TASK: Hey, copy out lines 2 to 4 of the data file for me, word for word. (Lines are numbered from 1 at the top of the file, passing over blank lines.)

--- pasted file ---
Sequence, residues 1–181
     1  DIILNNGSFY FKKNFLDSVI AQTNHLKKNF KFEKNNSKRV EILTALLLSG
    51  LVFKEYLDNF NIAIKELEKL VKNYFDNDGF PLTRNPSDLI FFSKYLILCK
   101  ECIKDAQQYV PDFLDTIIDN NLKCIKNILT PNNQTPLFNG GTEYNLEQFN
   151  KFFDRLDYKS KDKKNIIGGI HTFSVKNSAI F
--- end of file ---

     1  DIILNNGSFY FKKNFLDSVI AQTNHLKKNF KFEKNNSKRV EILTALLLSG
    51  LVFKEYLDNF NIAIKELEKL VKNYFDNDGF PLTRNPSDLI FFSKYLILCK
   101  ECIKDAQQYV PDFLDTIIDN NLKCIKNILT PNNQTPLFNG GTEYNLEQFN